While at the beginning of his tenure, Wally was a bit immature, he soon grew into one of the most notable heroes of the current generation. A big point in his maturation was his relationship with reporter Linda Park. The two had been friends for awhile, and their flirtatious banter during writer Bill Loebs' run was excellent, but during Mark Waid's tenure on the title, he had the two begin a relationship, and soon, Linda's love for Wally was all Wally needed to really grow as both a person AND a hero. Like when Wally was seemingly killed in Flash #98 in a battle with Kobra. Linda carries on, doing her best to defend her city even though, as she notes, she is now "dead inside" due to Wally's death, but then...
Has Wally returned only to die once again?!!?
Wally and Linda eventually married, but after giving birth to twins, Wally was forced to take his family with him, as he basically went into the Speed Force in an attempt to stop an evil villain. The group eventually returned, with the children now grown a bit, and with superpowers. Think the Incredibles.
Then the New 52 happened and Wally was basically erased from continuity. A new character named Wally West was introduced and became the new Kid Flash, but this new Wally had no connection to the original Wally. Then DC Rebirth occurred and we learned that the original Wally had been trapped outside of reality and was slowly vanishing. Just before he disappeared for good, though, Barry Allen reached through and grabbed his protege, anchoring him in this reality. Things were looking up for Wally, but the problem was that his wife, Linda Park, did not know who he was in this reality and their children also did not exist in this reality.
Wally tried to woo this reality's Linda, but eventually, the trauma of it all was just too much for Wally. He went to Sanctuary, a place for superheroes dealing with trauma. While there, he accidentally exposed himself to all of the files of the other heroes there, but he did so all at once and the process sort of overloaded his mind and he kind of snapped. In the process, he unleashed a good deal of Speed Force energy, killing many of the heroes there, including Wally's old friend, Roy Harper. Wally then made a fateful decision to frame Booster Gold and Harley Quinn for the killings and to then use time travel to kill himself in the future and bring his own dead body to the past and include him among the murdered heroes, thus totally framing Booster and Harley (as Wally couldn't very well be the murderer if he was murdered alongside the others, right?).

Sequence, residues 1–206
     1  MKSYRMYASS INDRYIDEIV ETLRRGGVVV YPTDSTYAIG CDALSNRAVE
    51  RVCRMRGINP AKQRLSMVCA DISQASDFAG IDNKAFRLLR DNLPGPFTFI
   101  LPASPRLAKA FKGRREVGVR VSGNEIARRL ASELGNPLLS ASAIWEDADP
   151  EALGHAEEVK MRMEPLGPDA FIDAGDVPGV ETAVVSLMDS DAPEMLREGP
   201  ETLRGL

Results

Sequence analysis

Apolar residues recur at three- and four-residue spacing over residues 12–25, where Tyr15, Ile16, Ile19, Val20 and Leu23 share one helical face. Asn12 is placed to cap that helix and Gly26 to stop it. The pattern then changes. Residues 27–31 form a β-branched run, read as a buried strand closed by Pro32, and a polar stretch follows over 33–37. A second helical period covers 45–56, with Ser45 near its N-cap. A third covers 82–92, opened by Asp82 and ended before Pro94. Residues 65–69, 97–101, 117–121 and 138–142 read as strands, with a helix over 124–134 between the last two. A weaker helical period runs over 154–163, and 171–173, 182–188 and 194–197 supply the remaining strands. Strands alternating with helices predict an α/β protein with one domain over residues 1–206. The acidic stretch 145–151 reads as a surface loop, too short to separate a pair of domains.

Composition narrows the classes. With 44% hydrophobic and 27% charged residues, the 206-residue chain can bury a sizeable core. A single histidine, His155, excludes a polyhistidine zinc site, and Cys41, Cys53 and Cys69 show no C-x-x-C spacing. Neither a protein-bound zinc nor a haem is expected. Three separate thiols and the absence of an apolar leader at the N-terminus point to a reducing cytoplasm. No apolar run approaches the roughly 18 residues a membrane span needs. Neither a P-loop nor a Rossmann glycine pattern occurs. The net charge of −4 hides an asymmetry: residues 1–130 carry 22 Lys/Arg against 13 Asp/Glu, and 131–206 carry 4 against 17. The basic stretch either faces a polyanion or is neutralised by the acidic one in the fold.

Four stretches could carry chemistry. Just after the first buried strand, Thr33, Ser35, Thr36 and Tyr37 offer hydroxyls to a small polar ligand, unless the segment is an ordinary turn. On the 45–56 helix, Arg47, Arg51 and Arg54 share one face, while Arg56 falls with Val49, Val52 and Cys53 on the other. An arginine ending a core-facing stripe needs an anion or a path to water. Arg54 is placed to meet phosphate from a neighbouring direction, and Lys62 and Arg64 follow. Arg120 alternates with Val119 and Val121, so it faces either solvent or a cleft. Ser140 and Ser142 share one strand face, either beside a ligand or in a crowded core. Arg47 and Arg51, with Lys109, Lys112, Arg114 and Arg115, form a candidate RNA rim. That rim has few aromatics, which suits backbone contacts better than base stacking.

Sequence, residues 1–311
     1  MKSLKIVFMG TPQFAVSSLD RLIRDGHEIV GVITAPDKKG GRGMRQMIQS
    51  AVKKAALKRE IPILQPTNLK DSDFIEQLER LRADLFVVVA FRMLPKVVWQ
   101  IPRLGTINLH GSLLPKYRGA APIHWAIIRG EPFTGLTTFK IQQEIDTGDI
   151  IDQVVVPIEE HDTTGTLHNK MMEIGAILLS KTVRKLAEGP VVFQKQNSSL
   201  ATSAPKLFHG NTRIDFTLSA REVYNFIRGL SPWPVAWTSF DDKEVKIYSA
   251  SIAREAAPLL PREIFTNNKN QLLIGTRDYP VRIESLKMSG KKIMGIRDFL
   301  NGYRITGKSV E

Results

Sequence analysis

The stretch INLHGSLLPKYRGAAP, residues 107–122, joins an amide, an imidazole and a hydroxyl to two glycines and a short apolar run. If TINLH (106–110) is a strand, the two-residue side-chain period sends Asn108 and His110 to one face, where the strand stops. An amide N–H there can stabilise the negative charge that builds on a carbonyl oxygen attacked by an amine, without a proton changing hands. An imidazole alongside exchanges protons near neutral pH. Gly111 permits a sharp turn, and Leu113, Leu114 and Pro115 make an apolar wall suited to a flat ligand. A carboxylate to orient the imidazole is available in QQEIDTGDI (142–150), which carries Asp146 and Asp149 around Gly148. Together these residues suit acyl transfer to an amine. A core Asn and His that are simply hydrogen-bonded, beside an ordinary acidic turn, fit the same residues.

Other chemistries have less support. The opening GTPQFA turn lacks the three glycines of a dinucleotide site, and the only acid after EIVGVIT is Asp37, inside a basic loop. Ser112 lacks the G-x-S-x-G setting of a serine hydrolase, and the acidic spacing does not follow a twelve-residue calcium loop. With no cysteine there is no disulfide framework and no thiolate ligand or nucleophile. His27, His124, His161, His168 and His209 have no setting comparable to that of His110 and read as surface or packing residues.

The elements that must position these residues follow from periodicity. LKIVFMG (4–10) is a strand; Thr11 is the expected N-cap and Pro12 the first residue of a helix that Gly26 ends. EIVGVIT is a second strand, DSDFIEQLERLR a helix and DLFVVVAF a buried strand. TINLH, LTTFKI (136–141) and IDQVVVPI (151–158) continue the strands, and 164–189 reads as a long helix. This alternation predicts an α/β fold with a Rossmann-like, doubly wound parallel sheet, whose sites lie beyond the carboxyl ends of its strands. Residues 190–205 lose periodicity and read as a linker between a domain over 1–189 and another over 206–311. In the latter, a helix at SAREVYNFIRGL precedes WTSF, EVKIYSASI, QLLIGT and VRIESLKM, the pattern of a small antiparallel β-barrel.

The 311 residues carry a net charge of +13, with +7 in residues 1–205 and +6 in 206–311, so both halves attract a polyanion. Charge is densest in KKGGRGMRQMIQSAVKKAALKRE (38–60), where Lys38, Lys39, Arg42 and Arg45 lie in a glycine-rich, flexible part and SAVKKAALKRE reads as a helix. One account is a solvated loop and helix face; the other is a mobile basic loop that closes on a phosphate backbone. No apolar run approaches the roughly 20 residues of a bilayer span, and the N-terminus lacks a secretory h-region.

Eventually, his ruse was discovered and, after a future clone was substituted for the dead Wally, Wally was arrested by the Justice League.
7. Joker - 1757 points (15 first place votes)
Created by Bill Finger, Bob Kane and Jerry Robinson, the Joker was Batman's greatest villain even as soon as he debuted, even as he has evolved over the years.
In his earliest appearances, he was a sadistic, ruthless and clever murderer...
This version of Joker was extremely popular. In the first dozen issues of Batman, the Joker appeared in three quarters of them!
However, as time went by, the Joker's murdering ways were deemed a bit excessive, so although he continued to be Batman's most popular foes, he became more goofy than anything. In 1973, after the biggest gap yet between appearances (a couple of years - like I said, the guy was always REALLY popular), Denny O'Neil and Neal Adams brought back a new version of the Joker - crazy AND murderous...
Steve Englehart, Marshall Rogers and Terry Austin followed up on this...
In the late 1980s, led by Alan Moore's use of the Joker, he was now more a chaotic murderer (that is not a knock on Moore himself, as in his story the Joker DID have a motive - to drive Commissioner Gordon insane - it's a matter where later writers have picked up on just the surface aspect of Moore's story - the seeming chaos of it all). The Joker has continued to be a major villain ever since. Recently, in a bit of an homage to the fact that the Killing Joke established one POSSIBLE origin for the Joker, the Joker received an origin film that has become a blockbuster.